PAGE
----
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Police: Angry cart pusher mowed down student, 18, with vehicle
According to a probable cause affidavit, Mason, a high school senior, was confronted by Ferguson on July 10 after he “picked up a few DVDs and games and decided to put them back.”
“Why are you stealing out of my store?” Ferguson yelled. “I should whip your ass.”
After claiming to Ferguson that he was not intending to shoplift, the teenager left the store and headed home on foot. As he walked through the parking lot of a nearby business, Mason “heard a vehicle drive up behind him and then he was struck in the right side of his body.”
Heather Gasses exist all around the country, ordinary American conservatives who are fed up and leading the charge. There's frustration on the left, too – aimed not only at the Republican Party, for hindering Obama's agenda, but also at Wall Street and its "no-limits-casino banking culture," as liberal blogger Arianna Huffington writes on her Huffington Post website.
She and other leaders on the populist left, such as the Rev. Jim Wallis, are urging people to move their money from "too big to fail" banks into community banks.
There's also disaffection among moderates, frustrated by the high degree of political polarization that leaves little room for compromise on major policy matters. But efforts in the last decade to build a "radical middle" movement – a drive to marry the best ideas of the right and left – seem to have faded.
The tea party and the Occupy movement both arose in response to pervasive frustration. As we've grown accustomed to hearing in recent years, Americans are angry. They're angry at bankers, who helped cause the financial crisis but paid no price for it. They're angry at Washington, which blamed the bankers but deserved as much blame, if not more, for failing to rein them in. And they're angry at an economy that seems to enrich the wealthy while leaving most everyone else standing still or falling behind.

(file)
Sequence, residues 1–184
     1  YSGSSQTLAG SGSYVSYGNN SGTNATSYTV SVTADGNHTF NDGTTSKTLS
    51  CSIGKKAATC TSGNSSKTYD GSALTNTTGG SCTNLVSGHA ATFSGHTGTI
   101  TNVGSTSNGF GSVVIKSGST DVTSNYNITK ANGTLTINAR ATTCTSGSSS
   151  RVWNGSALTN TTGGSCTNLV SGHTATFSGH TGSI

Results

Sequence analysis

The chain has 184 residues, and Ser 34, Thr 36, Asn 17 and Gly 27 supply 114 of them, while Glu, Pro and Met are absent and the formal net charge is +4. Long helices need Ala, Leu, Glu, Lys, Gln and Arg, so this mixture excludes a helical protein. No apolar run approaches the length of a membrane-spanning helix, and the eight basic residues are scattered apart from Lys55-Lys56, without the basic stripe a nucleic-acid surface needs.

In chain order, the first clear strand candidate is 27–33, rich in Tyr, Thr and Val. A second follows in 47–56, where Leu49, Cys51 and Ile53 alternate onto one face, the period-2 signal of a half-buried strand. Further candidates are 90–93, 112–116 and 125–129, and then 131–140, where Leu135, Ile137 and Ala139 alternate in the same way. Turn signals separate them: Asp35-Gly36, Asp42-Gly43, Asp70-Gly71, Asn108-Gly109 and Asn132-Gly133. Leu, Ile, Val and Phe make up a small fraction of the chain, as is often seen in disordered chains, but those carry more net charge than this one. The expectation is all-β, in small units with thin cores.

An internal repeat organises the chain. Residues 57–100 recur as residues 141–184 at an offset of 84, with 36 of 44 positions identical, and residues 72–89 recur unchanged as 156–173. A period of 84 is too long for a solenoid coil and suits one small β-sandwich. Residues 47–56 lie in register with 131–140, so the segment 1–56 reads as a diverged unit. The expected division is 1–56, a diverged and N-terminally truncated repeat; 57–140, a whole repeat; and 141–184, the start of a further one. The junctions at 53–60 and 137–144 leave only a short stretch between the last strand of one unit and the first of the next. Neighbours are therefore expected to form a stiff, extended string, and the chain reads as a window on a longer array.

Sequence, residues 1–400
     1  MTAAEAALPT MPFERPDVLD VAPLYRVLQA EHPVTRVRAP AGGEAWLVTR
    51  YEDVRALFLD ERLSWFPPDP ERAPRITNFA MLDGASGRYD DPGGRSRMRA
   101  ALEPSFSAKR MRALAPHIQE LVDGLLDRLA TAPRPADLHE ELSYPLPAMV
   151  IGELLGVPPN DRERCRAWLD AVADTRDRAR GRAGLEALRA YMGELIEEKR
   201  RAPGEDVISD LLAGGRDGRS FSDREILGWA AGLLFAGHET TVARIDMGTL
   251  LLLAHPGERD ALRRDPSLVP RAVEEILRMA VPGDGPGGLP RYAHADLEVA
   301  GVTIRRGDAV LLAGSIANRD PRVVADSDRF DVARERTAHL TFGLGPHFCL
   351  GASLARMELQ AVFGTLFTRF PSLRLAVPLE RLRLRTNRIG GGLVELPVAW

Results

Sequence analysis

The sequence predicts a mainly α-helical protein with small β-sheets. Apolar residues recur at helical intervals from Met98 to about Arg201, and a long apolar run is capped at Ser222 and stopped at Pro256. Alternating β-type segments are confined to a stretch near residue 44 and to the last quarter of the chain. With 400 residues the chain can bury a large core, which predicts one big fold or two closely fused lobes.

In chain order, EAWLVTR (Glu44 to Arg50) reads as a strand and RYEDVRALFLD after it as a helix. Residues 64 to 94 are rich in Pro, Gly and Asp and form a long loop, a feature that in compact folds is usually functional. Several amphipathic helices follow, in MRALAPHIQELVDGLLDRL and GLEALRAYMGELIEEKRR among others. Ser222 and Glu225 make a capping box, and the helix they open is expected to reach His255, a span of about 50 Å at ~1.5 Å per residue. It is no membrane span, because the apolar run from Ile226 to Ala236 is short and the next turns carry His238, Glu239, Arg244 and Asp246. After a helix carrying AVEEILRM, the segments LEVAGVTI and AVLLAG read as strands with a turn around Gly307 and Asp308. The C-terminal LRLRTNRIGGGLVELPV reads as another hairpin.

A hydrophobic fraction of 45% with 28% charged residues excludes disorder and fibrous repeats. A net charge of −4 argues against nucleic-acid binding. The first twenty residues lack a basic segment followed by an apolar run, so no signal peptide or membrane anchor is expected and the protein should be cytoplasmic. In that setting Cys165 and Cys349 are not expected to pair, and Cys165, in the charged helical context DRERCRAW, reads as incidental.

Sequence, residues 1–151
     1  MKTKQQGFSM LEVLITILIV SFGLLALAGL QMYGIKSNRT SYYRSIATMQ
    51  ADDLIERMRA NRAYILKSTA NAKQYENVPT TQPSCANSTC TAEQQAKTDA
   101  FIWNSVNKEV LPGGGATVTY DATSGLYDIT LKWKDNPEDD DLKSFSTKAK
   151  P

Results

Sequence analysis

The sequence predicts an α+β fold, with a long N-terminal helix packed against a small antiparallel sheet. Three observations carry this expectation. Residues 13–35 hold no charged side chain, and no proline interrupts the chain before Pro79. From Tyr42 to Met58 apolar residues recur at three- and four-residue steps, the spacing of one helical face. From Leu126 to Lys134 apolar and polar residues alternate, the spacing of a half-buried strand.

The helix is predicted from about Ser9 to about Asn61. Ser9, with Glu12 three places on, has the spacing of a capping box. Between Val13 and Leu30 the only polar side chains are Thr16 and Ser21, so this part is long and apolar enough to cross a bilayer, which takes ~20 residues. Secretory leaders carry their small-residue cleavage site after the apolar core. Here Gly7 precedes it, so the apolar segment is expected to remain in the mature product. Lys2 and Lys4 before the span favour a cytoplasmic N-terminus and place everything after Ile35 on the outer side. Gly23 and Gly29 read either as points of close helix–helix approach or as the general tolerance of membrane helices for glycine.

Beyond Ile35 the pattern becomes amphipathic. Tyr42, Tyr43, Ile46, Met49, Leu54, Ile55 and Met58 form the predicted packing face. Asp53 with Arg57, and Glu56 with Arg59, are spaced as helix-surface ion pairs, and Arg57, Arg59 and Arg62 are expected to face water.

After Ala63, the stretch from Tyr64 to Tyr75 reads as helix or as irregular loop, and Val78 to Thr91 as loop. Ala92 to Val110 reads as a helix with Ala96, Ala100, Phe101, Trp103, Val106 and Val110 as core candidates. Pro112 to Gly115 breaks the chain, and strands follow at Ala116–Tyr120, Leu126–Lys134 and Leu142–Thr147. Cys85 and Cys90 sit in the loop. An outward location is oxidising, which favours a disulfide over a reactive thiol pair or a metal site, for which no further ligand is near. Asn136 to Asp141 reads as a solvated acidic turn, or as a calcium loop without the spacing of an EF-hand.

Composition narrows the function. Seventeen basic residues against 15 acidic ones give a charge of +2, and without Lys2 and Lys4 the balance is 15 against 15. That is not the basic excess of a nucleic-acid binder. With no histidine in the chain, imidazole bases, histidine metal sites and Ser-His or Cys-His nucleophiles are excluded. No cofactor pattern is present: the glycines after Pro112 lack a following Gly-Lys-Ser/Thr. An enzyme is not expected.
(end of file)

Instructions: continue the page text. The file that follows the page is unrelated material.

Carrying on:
This anger manifests itself in a strong anti-elite bias and a determination to resist an oppressive leviathan — though the monster takes different forms in the two movements. For the tea party, it's the federal government in Washington; for Occupy, it's bailout-addicted big business.
Originally posted by fnpmitchreturns
I just see a general frustration everywhere. There is a rise in activism every place I see from all competing sources to scream the loudest and most outrageous. I don't know if it is related to the bad economy; the fact that many people are stressed financially or even the looming war in the Middle east. I just find that people have been under a different kind of stress since 911 and it is effecting our national psyche.
Originally posted by Rockpuck
reply to post by fnpmitchreturns
Americans might be angry. But they WILL continue taking it. 2012 elections are right around the corner, so assume the position.